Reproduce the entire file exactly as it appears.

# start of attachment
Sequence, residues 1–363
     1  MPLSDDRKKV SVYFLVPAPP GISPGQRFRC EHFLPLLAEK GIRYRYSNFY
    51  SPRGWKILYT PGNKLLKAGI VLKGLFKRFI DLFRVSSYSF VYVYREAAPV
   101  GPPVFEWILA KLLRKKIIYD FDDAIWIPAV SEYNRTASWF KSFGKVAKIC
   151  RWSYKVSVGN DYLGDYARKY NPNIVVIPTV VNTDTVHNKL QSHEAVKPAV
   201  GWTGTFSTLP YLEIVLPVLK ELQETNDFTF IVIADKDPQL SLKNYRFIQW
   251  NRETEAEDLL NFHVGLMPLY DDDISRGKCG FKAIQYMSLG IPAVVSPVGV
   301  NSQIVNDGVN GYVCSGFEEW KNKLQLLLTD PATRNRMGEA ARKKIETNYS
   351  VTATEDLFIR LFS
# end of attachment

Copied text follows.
Sequence, residues 1–363
     1  MPLSDDRKKV SVYFLVPAPP GISPGQRFRC EHFLPLLAEK GIRYRYSNFY
    51  SPRGWKILYT PGNKLLKAGI VLKGLFKRFI DLFRVSSYSF VYVYREAAPV
   101  GPPVFEWILA KLLRKKIIYD FDDAIWIPAV SEYNRTASWF KSFGKVAKIC
   151  RWSYKVSVGN DYLGDYARKY NPNIVVIPTV VNTDTVHNKL QSHEAVKPAV
   201  GWTGTFSTLP YLEIVLPVLK ELQETNDFTF IVIADKDPQL SLKNYRFIQW
   251  NRETEAEDLL NFHVGLMPLY DDDISRGKCG FKAIQYMSLG IPAVVSPVGV
   301  NSQIVNDGVN GYVCSGFEEW KNKLQLLLTD PATRNRMGEA ARKKIETNYS
   351  VTATEDLFIR LFS